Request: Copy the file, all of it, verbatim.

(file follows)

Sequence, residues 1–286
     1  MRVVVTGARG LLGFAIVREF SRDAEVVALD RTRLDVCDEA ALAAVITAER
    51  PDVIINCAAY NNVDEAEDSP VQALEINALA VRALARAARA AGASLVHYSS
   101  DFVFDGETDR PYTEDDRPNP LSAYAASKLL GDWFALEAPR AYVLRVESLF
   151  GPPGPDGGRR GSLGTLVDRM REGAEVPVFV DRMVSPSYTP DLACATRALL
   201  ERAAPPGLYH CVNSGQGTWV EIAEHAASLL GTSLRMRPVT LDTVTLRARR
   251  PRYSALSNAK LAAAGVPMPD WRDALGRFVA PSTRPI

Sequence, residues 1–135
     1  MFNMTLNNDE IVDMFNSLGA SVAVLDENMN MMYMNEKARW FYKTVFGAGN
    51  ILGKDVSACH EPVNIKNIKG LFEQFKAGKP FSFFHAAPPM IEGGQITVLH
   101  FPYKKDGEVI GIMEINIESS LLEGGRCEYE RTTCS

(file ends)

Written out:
Sequence, residues 1–286
     1  MRVVVTGARG LLGFAIVREF SRDAEVVALD RTRLDVCDEA ALAAVITAER
    51  PDVIINCAAY NNVDEAEDSP VQALEINALA VRALARAARA AGASLVHYSS
   101  DFVFDGETDR PYTEDDRPNP LSAYAASKLL GDWFALEAPR AYVLRVESLF
   151  GPPGPDGGRR GSLGTLVDRM REGAEVPVFV DRMVSPSYTP DLACATRALL
   201  ERAAPPGLYH CVNSGQGTWV EIAEHAASLL GTSLRMRPVT LDTVTLRARR
   251  PRYSALSNAK LAAAGVPMPD WRDALGRFVA PSTRPI

Sequence, residues 1–135
     1  MFNMTLNNDE IVDMFNSLGA SVAVLDENMN MMYMNEKARW FYKTVFGAGN
    51  ILGKDVSACH EPVNIKNIKG LFEQFKAGKP FSFFHAAPPM IEGGQITVLH
   101  FPYKKDGEVI GIMEINIESS LLEGGRCEYE RTTCS